What if there was a device the size of an iPad that contained the power to diagnose in real-time the world’s most devastating diseases? Now, what if the diagnostic tests themselves could be processed at a fraction of the current system’s costs?
It’s midnight, a child is running a high fever, and the hospital is a long way away. Instead of panicking and rushing him to the emergency room, his mother puts a device on his forehead that reads vital signs like Dr. Spock’s tricorder on “Star Trek.” The device sends the data to a physician via the Internet, and the mother receives her son’s diagnosis. It’s just a common cold, treatable with Tylenol, orange juice, and plenty of rest.
A long distance drive can be lonely with only a radio for company, and if the driver is stressed or tired it becomes dangerous. A car that could understand those feelings might prevent an accident, using emotional data to flag warning signs. Sensors could nest in the steering wheel and door handles to pick up electric signals from the skin. Meanwhile a camera mounted on the windshield could analyze facial expressions.
From smartphone-based stress tests to wearable devices that could "revolutionize" urological diagnosis, sensors to gauge health conditions are advancing by leaps and bounds. They'll have to--if anyone actually wants to create a medical Tricorder.
Last week, judges of a global competition to develop new healthcare technologies for mobile devices, operated by the Playa Vista-based nonprofit organization XPRIZE Foundation, selected 12 teams to move on to the final round of competition.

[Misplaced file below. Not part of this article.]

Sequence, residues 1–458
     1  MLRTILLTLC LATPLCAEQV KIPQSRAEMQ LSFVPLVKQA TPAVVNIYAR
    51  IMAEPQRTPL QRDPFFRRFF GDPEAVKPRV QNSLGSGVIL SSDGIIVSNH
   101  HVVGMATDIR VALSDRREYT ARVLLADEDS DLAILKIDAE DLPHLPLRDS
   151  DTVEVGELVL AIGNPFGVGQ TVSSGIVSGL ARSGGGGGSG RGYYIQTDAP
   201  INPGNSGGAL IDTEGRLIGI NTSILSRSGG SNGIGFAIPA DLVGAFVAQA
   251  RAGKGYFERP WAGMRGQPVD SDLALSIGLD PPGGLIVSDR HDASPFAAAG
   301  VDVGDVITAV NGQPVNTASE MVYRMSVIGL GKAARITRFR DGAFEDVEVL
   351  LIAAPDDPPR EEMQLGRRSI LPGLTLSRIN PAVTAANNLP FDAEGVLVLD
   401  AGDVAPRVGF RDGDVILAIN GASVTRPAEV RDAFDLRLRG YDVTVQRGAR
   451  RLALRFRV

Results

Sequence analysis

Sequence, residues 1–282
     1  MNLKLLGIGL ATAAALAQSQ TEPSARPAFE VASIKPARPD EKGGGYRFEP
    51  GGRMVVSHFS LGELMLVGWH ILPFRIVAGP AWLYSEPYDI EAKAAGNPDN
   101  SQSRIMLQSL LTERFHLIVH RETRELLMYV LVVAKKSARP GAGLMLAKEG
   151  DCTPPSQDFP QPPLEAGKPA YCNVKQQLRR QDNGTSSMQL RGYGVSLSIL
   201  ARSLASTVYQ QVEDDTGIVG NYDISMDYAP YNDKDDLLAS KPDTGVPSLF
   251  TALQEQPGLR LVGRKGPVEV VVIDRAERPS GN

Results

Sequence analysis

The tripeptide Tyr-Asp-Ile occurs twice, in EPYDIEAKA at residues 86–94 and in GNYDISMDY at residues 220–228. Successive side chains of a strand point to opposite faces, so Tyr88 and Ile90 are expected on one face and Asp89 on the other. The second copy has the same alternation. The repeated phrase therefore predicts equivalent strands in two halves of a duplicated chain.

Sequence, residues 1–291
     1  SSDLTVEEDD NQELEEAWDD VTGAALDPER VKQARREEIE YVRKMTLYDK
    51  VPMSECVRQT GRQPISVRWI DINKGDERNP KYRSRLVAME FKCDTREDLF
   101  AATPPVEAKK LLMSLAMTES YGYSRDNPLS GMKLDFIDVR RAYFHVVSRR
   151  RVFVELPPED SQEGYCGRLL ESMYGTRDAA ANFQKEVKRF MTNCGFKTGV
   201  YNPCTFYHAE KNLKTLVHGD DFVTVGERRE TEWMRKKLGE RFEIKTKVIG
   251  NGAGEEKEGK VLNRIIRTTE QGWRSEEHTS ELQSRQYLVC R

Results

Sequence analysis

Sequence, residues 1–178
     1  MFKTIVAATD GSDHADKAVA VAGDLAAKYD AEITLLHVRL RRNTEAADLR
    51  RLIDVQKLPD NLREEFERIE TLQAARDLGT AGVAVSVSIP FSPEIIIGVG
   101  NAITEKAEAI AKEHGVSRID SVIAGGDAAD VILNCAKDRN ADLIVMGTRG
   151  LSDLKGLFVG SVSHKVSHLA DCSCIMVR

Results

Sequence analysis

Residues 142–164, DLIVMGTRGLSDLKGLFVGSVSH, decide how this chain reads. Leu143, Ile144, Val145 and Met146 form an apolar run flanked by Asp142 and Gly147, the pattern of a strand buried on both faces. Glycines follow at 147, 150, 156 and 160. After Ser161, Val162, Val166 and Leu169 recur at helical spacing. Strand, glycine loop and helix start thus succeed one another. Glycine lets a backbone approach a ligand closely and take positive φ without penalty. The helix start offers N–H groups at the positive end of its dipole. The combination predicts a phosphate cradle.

A panel discussion at SXSW Interactive 2013 titled “Sensor Technologies: The Future of Health?” pondered the role of sensors in tomorrow’s medical technology. Among the panelists was Mark Winter, senior director of the Qualcomm Tricorder X Prize and the Nokia Sensing X Challenge, both of which provide big cash prizes for sensing breakthroughs.
When illness strikes it's not always easy to set up a doctors appointment, but soon you might not have to. A portable device that can instantly take vitals and detect disease might be ion the way.
The X PRIZE Foundation and Nokia today announced the launch of the Nokia Sensing X CHALLENGE, a $2.25 million global competition to stimulate the development of a new generation of health sensors and sensing technologies that can drastically improve the quality, accuracy and ease of monitoring a person's health. Improvements in these technologies will empower individuals to effortlessly monitor and collect their own real-time health data, providing both consumers and healthcare providers convenient access to critical information whenever and wherever they need it.
When the X PRIZE Foundation's Peter Diamandis took the stage in San Diego this morning at the Wireless-Life Sciences Alliance (WLSA) annual convergence summit, he said it was the perfect audience for announcing the foundation’s newest competition—the "Nokia Sensing X CHALLENGE."
The X PRIZE Foundation and Nokia has announced the launch of the Nokia Sensing X CHALLENGE, a $2.25 million global competition to stimulate development of new generation of health sensors and sensing technologies that can drastically improve the quality, accuracy and ease of monitoring a person's health.